Patio Permaculture

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When I realized it’s been over six months since I last blogged, I realized that I had two choices when it came to my first post back: 1: Attempt to go back and re-visit every single moment that I didn’t journal, or 2: just start writing again.

Alas, those of you looking for your next novel to read will be sorely disappointed.

I’ve decided to just pick back up and start where we are now, not where I left off. It’s now the end of March, and we’re squirming to see the fruits of some early garden labor. We have four beds prepared with some cover crops to kickstart our summer grow season – radishes & turnips, oats, peas, spinach, and even some potatoes for summer! We moved to our new home in August of last year, so when the ground got cooler we set up some beds with fall cover crops to start introducing some nutrients.

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We knew three years ago that wherever we ended up, we wanted to have a main area of our garden rooted in permaculture. This idea of never-ending food and food that cares for itself is exciting for us – how else to help nature but by helping nature help itself? Plus, after the initial energy of planting, all it takes is some general upkeep and the plants will take care of themselves. A big aspect of permaculture has to do with planning and utilizing the land fully – tracking the run-off and grading of the area, plus the availability of sunlight and wind, etc.

For us, our permaculture will be our patio. We are blessed with a beautiful patio area, sheltered by two gum trees (we now hate gum trees – and are now taking recommendations for using those damn sticky balls!) and until spring break it was enclosed by a plastic and wooden lattice system that provided privacy but not much else.

So, we attacked it! Evan did most of the heavy lifting, while my mother-in-law and I undid screws, zip-ties, carted the lattice to the side yard, and cleaned the beds of the sticky gum balls, mulch, and excess leaves.

Now that the lattice and posts are out, we plan on widening and raising the beds with pavers. We’ve already begun the research and have started sketching the different ideas we have for the beds – certain plants benefit each other, while others are unhelpful and attract more diseases or pests in combination. (For example, blackberries and raspberries pass diseases between one another and should be kept apart.)

As of now, we’ve planned on blueberries, raspberries, herbs of all varieties, pollinator plants for the bees, birds, and butterflies, a dwarf apple tree, hibiscuses, a rotation of peas and beans, lavender, asparagus, strawberries, and then maybe onions and garlic to tuck in between. It will take a season or two, but soon we’ll have a patio alive and thriving and also providing us with food and medicinal benefits.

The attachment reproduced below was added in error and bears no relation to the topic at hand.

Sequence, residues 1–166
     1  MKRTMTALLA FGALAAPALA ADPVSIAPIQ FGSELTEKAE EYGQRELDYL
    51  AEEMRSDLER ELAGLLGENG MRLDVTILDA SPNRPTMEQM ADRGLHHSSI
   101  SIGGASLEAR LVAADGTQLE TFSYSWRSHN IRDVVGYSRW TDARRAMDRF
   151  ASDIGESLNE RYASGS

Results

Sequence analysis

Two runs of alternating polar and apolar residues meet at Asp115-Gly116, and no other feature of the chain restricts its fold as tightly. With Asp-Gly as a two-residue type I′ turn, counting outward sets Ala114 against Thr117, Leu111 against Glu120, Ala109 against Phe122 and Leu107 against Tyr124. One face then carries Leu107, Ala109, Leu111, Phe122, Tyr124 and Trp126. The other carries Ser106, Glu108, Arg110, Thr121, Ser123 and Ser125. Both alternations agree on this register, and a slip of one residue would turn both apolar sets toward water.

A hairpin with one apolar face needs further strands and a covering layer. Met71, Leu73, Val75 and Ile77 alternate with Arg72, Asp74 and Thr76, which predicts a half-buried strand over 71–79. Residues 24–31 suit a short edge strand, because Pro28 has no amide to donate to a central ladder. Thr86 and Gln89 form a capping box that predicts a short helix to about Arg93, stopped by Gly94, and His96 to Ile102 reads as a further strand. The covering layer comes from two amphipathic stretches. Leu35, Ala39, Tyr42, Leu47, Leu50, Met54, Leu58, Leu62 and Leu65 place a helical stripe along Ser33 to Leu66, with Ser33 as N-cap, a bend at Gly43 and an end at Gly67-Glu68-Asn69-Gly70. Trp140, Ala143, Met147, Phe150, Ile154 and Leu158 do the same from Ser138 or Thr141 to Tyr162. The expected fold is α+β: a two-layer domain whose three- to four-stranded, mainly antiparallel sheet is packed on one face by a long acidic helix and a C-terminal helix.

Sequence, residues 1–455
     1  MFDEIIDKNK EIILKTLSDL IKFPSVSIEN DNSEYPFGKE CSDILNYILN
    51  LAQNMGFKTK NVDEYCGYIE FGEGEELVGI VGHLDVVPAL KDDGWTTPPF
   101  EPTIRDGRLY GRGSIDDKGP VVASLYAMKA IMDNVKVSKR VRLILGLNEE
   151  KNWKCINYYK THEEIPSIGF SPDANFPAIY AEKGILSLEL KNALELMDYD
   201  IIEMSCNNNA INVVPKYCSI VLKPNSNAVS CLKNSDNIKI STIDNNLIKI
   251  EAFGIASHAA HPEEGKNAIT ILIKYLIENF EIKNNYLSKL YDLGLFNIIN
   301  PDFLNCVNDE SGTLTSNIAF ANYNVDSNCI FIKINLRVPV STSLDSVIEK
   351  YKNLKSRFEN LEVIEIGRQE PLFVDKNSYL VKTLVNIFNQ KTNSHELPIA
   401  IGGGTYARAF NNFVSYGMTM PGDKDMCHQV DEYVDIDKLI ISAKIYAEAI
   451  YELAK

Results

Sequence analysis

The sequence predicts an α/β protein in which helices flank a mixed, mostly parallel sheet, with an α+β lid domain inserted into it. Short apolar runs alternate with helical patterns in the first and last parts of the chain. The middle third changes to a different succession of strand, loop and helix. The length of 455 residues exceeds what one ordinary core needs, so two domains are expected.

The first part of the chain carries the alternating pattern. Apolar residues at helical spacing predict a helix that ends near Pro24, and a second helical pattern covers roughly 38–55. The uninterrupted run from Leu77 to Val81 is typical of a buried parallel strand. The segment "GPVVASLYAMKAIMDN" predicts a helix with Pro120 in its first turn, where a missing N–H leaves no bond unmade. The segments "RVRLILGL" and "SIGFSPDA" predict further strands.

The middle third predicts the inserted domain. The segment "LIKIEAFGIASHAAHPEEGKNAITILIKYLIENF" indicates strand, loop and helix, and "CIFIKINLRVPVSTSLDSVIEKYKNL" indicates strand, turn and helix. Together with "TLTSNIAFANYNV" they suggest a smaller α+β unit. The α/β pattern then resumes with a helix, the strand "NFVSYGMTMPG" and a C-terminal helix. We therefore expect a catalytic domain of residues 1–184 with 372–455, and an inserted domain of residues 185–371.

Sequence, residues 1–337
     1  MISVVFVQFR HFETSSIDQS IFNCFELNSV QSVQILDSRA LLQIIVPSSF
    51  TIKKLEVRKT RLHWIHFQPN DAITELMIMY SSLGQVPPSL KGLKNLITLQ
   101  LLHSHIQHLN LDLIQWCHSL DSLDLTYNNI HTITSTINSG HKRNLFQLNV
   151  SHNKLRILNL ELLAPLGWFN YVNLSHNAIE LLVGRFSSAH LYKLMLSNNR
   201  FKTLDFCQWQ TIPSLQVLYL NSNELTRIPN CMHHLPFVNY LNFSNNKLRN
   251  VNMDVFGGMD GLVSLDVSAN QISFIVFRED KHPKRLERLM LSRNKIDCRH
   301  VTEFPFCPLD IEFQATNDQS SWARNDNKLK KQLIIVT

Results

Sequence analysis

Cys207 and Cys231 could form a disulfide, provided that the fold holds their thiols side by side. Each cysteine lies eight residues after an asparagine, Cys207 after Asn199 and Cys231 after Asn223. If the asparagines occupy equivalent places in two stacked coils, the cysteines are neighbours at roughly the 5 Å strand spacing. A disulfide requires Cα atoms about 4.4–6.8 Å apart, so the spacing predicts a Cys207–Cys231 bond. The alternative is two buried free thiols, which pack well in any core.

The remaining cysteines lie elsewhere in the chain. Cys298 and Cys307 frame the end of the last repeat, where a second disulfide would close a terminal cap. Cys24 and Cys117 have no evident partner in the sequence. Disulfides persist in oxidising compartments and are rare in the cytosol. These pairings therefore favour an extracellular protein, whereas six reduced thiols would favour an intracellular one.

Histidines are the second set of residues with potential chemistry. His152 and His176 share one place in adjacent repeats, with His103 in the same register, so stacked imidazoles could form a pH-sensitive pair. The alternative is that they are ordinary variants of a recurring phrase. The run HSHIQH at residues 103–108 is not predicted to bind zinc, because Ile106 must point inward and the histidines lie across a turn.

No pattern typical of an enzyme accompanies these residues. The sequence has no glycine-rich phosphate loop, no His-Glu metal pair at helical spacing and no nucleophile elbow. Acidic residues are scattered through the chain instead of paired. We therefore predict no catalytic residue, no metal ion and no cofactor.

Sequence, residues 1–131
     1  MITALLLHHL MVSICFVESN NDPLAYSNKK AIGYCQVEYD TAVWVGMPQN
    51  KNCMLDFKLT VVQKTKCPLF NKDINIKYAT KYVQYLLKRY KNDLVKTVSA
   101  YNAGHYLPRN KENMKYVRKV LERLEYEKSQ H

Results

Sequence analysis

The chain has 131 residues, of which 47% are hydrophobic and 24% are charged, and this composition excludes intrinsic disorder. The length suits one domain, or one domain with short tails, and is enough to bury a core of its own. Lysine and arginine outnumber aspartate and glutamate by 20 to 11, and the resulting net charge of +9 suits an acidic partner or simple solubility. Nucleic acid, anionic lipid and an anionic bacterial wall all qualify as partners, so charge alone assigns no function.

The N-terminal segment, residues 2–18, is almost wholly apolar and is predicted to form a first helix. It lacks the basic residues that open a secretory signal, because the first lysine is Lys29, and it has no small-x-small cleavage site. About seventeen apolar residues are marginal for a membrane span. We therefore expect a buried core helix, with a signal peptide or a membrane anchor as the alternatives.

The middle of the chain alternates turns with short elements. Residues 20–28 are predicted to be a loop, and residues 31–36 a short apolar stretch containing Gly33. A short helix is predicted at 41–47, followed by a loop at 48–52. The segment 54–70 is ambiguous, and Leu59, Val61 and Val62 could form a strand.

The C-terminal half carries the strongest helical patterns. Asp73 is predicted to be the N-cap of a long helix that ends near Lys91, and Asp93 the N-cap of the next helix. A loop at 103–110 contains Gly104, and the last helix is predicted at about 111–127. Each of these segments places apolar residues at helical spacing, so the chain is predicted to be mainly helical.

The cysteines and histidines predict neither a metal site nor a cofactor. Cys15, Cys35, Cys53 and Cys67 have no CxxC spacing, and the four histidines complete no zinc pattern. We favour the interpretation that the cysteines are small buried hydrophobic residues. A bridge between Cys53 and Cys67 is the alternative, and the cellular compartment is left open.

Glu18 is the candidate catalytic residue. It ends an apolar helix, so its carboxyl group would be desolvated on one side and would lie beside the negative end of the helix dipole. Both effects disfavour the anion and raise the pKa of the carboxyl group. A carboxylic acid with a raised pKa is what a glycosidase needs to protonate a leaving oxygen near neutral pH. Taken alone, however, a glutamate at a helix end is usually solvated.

Limbo

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“Limbo” is an accurate summary of my last few months. We started the official house hunt in mid-March, and after one failed house closing, one lost offer, and now an offer on a third we’re waiting on pins and needles. We’ve tried for a lake house with 2 acres, a hidden country property on ten acres with plenty of moles and farm cats to go around, and now a 1/4 acre house only a few houses away from our rental with a lovely yard for a suburban garden and plenty of space for some chickens.

We’ve spent the last two months, and even the months before that, being entirely unsure of our summer plans. We agonized all Christmas over how much to plant this year – do we risk losing a garden when we move, or just plant them all in planters (a more expensive and far less sustainable method for us)? The difficulty and frustration we had over the home meant so much more time finding comforts to solve our unhappiness rather than actually keeping up the garden and seedlings (read: we watched too much Netflix rather than having the discussions we needed to about what to do with the seedlings and start a fertilizing schedule). The stress sucks. But hey, if you’ve bought a house, then you know my pain. So what to do? Succumb to the stress and barely do house chores because you might be moving, so it can wait until a deep clean during the move? (So the spiders start building bigger webs in my basement…) Start thinking about moving boxes but get so depressed after perusing Realtor.com for 15 minutes and find nothing even close to being worth it? (Those boxes are empty…)

Being in limbo is a horrible feeling. Every decision about my home and my finances (can I buy a new work shirt this week for my new summer restaurant job, or should I save it for a new security system potentially in my future?) are tied to this homestead dream. Sometimes – no, most of the time – chasing this dream feels like dating as a teenager all over again – dragged around in the misery of puppy love, flirtations, the crushing denial of being distant and cool, flightiness, and unplanned, spontaneous meetings. So tonight, contemplating what to do if yet another house lets us down, I’ve decided to make a few decisions that keep my mind more rooted and to lower my anxiety throughout this process.

First, I’m going to make sure that I’m maintaining my house as best as I can despite the potential moving process. I have patches of spackling all around the house – time to actually touch up with paint and move on. The kitchen and bathroom deep cleaning? Still need to regularly happen. My cobweb-infested basement? Yup, time to unleash the vacuum. For me, a clean home keeps a clean mind – when we have gone to see homes and they are messy and cluttered, I totally feel the resulting anxiety from viewing cramped and unkempt spaces. Why should I continue to invite anxiety into my safe space at home simply by neglecting my work?